"Gantos uses the same bold honesty found in his fiction to offer a riveting autobiographical account of his teen years [when he agreed to help smuggle hashish from Florida to New York and wound up in jail]," PW said. "It will leave readers emotionally exhausted and a little wiser." Ages 12-up. (Sept.) n Copyright 2004 Reed Business Information.
When Jack Gantos was 20 years old, he wanted to go to college, but his grades in high school had not been good enough. He had desperately longed to be a writer since a very young age, but he couldn't seem to find anything important to write about. He was living in the Virgin Islands when an acquaintance proposed a business venture. Rik had 2,000 pounds of hash that needed to be transported to the US, and he wanted Gantos to help drive the boat. For participating in this enterprise, he would be paid $10,000. The danger and personal risk involved never even occurred to Gantos. All he could see was the means to attend a good college. When they were caught, Gantos was sentenced to prison. Ironically, prison is what enabled him to finally pursue his dream of becoming an author. He finally had the patience to write, but the prison would not allow him to keep a journal. He circumvented this restriction by recording his thoughts in the space between the lines of The Brothers Karamozov. Every aspiring writer should read Gantos' book. It is a testament to the creative potential that exists in everyone's life. Although Gantos' experience in prison shaped him as an author as well as a man, it did not define his character. Every one of his actions following his arrest was an attempt to create a distance between himself and the criminal life. While in prison, he quit doing drugs, began to write, and ultimately applied to and was accepted into college. Hole in My Life is a fascinating and surprising look at the life of the man who has given us Rotten Ralph and the Joey Pigza books, among others. KLIATT Codes: SA*Exceptional book, recommended for senior high school students,advanced students, and adults. 2002, Farrar, Straus & Giroux, 200p. illus., Ages 15 to adult.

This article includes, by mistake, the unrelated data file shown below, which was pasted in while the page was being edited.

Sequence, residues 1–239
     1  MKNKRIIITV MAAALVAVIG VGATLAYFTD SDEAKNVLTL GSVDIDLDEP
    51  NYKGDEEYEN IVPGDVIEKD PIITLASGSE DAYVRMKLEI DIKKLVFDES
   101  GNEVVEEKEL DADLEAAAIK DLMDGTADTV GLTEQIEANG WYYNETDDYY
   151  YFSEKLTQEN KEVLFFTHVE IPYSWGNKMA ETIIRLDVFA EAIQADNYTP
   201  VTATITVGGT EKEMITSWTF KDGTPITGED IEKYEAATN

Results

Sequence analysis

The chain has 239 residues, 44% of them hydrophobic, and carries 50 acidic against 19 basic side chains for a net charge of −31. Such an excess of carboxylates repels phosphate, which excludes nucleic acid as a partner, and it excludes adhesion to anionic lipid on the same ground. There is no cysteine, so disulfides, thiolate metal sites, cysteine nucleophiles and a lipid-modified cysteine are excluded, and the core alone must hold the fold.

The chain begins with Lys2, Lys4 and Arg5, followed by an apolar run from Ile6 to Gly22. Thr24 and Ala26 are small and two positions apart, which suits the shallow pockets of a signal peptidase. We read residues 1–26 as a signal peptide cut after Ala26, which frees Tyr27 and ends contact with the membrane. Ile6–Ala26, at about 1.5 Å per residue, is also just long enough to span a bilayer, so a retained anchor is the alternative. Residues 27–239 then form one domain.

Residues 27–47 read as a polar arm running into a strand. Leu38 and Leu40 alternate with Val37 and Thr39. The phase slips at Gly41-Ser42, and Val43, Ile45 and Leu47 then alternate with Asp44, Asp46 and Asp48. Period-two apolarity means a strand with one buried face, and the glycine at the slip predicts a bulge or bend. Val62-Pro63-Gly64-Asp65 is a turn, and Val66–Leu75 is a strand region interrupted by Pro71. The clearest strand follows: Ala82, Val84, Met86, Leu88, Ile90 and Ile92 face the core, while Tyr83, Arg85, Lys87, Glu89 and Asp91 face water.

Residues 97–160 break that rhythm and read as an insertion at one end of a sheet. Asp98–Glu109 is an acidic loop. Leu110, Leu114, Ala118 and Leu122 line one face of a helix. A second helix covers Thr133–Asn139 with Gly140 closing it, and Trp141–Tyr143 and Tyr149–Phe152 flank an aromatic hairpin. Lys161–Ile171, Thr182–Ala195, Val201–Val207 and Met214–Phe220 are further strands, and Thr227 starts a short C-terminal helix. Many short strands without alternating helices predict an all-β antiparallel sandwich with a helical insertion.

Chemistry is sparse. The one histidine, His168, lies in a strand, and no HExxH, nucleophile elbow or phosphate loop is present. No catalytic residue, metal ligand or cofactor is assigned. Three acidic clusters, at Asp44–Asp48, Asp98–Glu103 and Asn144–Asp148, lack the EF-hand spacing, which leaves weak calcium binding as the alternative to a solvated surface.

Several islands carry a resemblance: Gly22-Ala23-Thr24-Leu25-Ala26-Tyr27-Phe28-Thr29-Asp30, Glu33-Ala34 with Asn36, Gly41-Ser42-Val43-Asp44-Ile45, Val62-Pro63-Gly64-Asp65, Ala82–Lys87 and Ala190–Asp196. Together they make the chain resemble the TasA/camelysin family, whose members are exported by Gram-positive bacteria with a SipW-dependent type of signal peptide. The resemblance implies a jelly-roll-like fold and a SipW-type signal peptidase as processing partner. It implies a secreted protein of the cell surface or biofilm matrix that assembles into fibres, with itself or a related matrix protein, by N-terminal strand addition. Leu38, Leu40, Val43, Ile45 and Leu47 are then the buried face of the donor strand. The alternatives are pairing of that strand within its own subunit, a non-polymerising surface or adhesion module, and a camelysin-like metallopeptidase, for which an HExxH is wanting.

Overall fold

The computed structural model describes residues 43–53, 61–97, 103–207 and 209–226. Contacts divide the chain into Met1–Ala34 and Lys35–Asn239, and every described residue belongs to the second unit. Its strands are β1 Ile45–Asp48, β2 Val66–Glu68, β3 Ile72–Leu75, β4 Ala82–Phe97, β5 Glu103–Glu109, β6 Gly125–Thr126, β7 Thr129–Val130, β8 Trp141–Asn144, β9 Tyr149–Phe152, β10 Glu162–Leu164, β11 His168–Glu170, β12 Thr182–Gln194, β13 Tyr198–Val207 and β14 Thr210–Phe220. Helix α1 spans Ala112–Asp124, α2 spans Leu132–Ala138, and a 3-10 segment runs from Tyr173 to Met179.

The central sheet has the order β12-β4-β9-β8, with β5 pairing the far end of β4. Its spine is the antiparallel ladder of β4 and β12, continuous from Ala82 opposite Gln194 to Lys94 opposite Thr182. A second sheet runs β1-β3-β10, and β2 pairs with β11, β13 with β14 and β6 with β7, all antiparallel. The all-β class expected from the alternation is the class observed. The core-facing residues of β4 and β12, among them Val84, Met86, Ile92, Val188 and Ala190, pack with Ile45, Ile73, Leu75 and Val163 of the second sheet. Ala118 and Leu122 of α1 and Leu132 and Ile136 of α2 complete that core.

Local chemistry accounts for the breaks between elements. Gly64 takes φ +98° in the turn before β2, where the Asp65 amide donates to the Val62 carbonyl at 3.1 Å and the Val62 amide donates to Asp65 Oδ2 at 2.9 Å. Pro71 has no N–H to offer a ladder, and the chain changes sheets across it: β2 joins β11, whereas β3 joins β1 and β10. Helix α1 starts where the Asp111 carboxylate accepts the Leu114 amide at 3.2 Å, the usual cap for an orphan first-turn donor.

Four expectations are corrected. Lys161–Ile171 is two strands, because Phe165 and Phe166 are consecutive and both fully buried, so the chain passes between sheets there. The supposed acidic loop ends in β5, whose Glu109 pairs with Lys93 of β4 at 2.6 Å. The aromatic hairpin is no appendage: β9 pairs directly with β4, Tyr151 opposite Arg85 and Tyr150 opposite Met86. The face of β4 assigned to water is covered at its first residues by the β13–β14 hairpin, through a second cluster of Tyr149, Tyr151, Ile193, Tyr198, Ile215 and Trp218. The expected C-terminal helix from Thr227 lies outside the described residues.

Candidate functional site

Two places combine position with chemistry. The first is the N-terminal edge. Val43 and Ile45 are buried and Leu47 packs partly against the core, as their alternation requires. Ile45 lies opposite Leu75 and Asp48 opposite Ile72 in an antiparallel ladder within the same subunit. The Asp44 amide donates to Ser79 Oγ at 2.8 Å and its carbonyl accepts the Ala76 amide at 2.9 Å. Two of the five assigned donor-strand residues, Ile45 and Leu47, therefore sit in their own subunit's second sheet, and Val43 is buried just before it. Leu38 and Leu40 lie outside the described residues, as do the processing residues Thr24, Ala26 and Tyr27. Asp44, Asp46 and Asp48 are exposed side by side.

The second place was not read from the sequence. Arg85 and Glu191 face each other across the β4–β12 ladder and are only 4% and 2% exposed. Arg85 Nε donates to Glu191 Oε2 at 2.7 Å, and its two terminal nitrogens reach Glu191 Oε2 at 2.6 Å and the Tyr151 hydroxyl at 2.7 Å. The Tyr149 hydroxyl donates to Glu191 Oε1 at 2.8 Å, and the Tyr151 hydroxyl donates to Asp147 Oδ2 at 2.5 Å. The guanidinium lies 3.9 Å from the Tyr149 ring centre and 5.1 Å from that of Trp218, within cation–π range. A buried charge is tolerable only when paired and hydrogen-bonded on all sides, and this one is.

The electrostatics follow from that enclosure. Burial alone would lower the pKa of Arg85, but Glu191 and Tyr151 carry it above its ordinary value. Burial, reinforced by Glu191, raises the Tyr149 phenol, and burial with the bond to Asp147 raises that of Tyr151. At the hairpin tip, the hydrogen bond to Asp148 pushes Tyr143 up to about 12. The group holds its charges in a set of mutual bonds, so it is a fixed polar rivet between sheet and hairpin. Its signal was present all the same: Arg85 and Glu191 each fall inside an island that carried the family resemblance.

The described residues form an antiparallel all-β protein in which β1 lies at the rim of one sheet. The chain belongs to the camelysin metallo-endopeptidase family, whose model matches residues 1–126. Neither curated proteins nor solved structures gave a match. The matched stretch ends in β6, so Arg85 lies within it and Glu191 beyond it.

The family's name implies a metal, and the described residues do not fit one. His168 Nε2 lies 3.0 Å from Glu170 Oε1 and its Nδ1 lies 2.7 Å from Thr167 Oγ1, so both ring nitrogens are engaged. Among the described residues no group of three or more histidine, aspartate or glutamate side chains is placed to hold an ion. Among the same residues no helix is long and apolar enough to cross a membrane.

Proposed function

Gantos, successful author of books for children and young adults, ventures outside his accustomed venue with this autobiographical work. At the age of nineteen, Gantos helped to smuggle one ton of hashish from St. Croix to New York City, and as a result of being caught, served two years of imprisonment in a federal penitentiary in Ashland, Kentucky. Throughout the first few chapters, the saga seems an extension of the Jack Henry stories. The tone soon changes, however, from the comical eccentricity of Gantos's later teenage years to the tension and paranoia of drug smuggling, and finally the fear and despair of prison life. The reader suffers through each agonizing and vulnerable moment until Jack is released and starts a new life, fulfilling his dream of becoming a writer. Children of the sixties, whose youthful indiscretions turned, or nearly turned, into more disasters, will read this book cover-to-cover without stopping. Even young readers without relevant experience will find their hearts racing and their blood pressure rising as the frightening events of his story unfold. Gantos's honesty and directness in describing the whole experience make reading this book a gut-wrenching experience. Gritty details make it a better fit for older high school students and adults, and teachers who have used Gantos's previous books will find it especially intriguing. (Hard to imagine it being any better written; Broad general YA appeal). James Blasingame
School Library Journal